If this is an accurate prognosis, it will be bad news for Germany's new government, which has built its political platform around a so-called 'Alliance for Jobs'. Deutsche Bank reckons that the minimum growth rate required if Germany is to create new jobs is 2.25%.
Without this level, Schröder may find sooner rather than later that he is unable to deliver on his single most important manifesto pledge, which instantly points to another very obvious difference between Germany's new left-leading leader and Blair in the UK.
While the leader of Britain's New Labour inherited an economy which was on the up and up, the legacy taken up by Schröder is the polar opposite.
Beckmann believes that in the absence of robust economic growth as a creator of new jobs, Germany needs to see an increase in tax relief. "There's certainly room for an increase in tax relief," says Beckmann. "We've met the Maastricht criteria comfortably and we should use that to increase our deficit by perhaps DM10bn or DM15bn."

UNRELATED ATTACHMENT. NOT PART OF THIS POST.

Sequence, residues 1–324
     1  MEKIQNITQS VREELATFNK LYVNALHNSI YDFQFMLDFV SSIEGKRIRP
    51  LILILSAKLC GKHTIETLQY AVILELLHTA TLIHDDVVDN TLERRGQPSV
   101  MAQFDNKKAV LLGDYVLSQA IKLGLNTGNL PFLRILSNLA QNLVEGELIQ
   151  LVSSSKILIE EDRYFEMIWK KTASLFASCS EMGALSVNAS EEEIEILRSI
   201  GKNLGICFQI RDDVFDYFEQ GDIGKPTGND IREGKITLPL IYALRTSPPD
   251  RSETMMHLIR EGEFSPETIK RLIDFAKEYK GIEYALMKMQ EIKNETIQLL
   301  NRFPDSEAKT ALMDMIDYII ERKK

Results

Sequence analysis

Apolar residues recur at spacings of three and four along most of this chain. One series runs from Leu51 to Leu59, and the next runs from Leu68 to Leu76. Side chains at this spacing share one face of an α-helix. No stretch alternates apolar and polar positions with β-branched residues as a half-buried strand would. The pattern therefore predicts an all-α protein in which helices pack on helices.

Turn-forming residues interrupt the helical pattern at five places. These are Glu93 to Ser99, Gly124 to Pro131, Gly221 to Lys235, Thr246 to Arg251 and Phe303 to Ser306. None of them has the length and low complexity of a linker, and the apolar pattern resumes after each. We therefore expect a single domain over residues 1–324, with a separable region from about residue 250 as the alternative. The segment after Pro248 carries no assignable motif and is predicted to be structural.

An increase of this magnitude, says Beckmann, would not be sufficient to exert undue pressure on the German capital market in general or on government bond yields in particular.
With 10 year Bund yields having been driven down to historical lows of below 4% in the wake of the Russian devaluation crisis, Beckmann and others argue that the German government bond market had been overbought in any event.
As Deutsche Bank noted in an economic update published in September, "in these conditions and owing to the ongoing risks from emerging markets, we expect yields to fluctuate between 3.8% and 4.2% for the present".